Finally sampling the golf in the Czech Republic
BENESOV, Czech Republic - I lived in the Czech Republic for more than two years, and I never managed to play one of its courses. Not that this central European country is known for its golf - when we think of European golf, we’re usually dreaming of the named courses of Britain and Ireland, or the sunny coastal courses of Spain.
But still, the Czech Republic has some solid courses. Happy to end my ignorance, I recently found myself in this small town about 40 kilometers (about 25 miles, for all you of the non-metric persuasion) outside the capital, Prague.
Tourists come here, but not often for the golf. Konopiste Castle, the former home of Archduke Franz Ferdinand, is here, nestled on top of a hill amid dense wood, its yellow walls and spires visible from many directions from the surrounding farmland.
Through this farmland, designers have cut a 45-hole resort, called Golf Resort Konopiste, complete with a massively impressive clubhouse that looks more like a palace than something at your nearby country club. The resort boasts its original 9-hole public course, the 18-hole Radecky course, opened in 2002, and the 18-hole d’Este course, opened in 2005.
I played the d’Este. In many ways, it played like a newbie. It was a wide open run, with very little in the way of trees. Club pro Tomas Zahradnik later told me that when the course first opened two years ago workers planted 7,000 trees. And that’s what you see: Hole after hole lined with small saplings. Now, come back in 10, 15 years and obviously things will be much different.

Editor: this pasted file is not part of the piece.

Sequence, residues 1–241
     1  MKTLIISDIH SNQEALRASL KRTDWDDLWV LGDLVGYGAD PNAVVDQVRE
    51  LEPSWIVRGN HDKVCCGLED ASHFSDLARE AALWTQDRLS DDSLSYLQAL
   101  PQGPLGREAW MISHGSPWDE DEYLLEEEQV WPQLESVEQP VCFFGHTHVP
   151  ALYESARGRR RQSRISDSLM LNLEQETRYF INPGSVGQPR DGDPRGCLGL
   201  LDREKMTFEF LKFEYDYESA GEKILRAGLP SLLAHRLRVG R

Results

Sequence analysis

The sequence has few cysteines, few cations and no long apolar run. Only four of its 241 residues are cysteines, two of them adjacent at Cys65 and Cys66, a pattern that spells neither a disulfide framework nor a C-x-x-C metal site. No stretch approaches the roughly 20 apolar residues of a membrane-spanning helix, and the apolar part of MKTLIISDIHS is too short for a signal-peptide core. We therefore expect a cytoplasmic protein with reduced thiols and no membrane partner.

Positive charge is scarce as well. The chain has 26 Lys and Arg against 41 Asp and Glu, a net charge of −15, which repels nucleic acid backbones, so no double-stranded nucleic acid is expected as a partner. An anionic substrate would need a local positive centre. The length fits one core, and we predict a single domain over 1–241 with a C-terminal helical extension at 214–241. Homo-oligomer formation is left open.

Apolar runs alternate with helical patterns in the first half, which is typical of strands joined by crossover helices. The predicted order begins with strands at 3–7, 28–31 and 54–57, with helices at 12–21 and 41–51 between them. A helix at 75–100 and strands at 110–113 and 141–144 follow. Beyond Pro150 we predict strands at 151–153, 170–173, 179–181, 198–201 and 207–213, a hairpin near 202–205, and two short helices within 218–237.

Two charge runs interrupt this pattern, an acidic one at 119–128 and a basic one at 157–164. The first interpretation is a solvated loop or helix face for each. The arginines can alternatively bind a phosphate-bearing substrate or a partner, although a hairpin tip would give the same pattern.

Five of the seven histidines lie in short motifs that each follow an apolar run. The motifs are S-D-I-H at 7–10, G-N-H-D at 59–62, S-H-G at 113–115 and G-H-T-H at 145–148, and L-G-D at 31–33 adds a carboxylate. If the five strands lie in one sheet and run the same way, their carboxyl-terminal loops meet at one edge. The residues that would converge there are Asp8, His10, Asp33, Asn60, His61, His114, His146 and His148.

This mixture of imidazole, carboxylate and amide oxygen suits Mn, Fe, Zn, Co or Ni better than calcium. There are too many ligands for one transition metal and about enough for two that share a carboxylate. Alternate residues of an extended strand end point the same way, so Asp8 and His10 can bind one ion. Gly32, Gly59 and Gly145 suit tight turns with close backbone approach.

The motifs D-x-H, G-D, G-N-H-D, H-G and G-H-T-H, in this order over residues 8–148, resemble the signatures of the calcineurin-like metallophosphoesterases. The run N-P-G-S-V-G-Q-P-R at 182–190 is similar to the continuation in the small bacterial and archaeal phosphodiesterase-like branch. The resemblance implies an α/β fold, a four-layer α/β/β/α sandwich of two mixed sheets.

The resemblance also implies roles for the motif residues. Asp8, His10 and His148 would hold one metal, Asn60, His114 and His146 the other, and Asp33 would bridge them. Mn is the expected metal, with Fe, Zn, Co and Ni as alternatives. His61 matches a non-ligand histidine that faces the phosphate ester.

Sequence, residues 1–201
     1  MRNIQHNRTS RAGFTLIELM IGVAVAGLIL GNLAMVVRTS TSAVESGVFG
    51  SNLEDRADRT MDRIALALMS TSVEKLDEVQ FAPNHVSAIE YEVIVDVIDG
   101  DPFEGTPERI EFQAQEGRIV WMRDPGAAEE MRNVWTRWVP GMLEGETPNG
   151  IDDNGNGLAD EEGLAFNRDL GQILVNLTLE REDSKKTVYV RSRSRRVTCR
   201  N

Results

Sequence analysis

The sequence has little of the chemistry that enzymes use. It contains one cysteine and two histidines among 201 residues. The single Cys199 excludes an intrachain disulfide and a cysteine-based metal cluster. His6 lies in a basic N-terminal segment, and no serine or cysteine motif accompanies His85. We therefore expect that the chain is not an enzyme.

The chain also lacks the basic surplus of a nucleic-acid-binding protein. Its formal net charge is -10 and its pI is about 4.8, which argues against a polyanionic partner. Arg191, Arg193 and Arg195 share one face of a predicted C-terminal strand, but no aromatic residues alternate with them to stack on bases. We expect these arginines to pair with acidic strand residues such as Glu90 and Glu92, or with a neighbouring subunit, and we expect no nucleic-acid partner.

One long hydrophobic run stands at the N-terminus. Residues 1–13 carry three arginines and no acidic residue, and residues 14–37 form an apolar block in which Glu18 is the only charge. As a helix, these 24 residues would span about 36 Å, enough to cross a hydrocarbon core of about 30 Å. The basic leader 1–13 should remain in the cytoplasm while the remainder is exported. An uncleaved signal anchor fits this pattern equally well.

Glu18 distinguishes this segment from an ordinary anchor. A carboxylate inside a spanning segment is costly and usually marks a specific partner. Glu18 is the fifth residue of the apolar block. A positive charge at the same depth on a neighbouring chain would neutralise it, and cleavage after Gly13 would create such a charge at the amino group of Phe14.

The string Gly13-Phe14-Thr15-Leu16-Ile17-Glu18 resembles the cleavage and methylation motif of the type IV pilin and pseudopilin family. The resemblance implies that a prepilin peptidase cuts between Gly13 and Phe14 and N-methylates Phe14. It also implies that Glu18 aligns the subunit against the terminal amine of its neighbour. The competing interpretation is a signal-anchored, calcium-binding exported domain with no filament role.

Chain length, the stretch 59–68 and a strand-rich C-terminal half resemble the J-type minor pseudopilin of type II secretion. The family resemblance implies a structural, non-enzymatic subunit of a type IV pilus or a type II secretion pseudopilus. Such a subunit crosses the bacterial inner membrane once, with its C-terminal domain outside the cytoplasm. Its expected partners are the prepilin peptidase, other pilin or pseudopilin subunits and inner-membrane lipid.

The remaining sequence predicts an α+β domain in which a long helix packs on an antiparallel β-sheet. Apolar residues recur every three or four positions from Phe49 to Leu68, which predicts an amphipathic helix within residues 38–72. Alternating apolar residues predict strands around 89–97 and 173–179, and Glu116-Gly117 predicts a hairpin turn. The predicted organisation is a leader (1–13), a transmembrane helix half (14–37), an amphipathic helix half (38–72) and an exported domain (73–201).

Radecky has the reputation of being the resort’s signature course, and several times during my round, when d’Este butted up against Radecky, I found myself with golf envy: There was the course I would rather be playing. Not to say that d’Este was terrible. But it was just not very imaginative. Holes were as straight forward as it is possible to be. We’re talking one, maybe two doglegs in 18 holes, and maybe three or four holes when water is in play.
There are some stand-outs: No. 9 is a pretty par-4 that winds downhill to an island green. The backside is significantly longer than the front, so while many of those homeward-bound holes are boring, you still need a few hefty pokes before you’re putting.
Golf Resort Konopiste seemed to me the perfect two-day play, say a weekend’s diversion from the throngs of tourists that are now descending on Prague (it seems every year brings more). Here, you can play d’Este on Day 1, sort of a warm-up round, then circle back on Day 2 for the Radecky course.
Check back soon at WorldGolf.com for my full review of d’Este.
(Interesting aside: Konopiste Castle is currently the subject of a bitter restitution claim. When Ferdinand and his wife were assassinated in Sarajevo in 1914 - the event that touched off World War I - their orphaned children retained ownership of the castle, and lived there until 1921. Then, the Czechoslovak government confiscated it and the property belonging to it. Last November, Sophie von Hohenburg, Ferdinand’s great-granddaughter, filed a lawsuit in district court here to have the castle returned to her family.)
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